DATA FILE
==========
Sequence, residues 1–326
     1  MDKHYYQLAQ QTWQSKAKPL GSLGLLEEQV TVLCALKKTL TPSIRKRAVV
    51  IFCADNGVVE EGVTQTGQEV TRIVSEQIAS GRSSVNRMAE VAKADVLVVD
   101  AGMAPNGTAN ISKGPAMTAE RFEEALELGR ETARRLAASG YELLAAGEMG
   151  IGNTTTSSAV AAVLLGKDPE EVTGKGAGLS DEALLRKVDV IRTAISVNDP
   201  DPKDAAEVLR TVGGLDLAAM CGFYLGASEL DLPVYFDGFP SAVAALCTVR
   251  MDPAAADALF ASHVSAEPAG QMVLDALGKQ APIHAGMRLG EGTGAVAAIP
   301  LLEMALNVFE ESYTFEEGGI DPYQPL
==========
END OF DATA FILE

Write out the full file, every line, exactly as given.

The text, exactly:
Sequence, residues 1–326
     1  MDKHYYQLAQ QTWQSKAKPL GSLGLLEEQV TVLCALKKTL TPSIRKRAVV
    51  IFCADNGVVE EGVTQTGQEV TRIVSEQIAS GRSSVNRMAE VAKADVLVVD
   101  AGMAPNGTAN ISKGPAMTAE RFEEALELGR ETARRLAASG YELLAAGEMG
   151  IGNTTTSSAV AAVLLGKDPE EVTGKGAGLS DEALLRKVDV IRTAISVNDP
   201  DPKDAAEVLR TVGGLDLAAM CGFYLGASEL DLPVYFDGFP SAVAALCTVR
   251  MDPAAADALF ASHVSAEPAG QMVLDALGKQ APIHAGMRLG EGTGAVAAIP
   301  LLEMALNVFE ESYTFEEGGI DPYQPL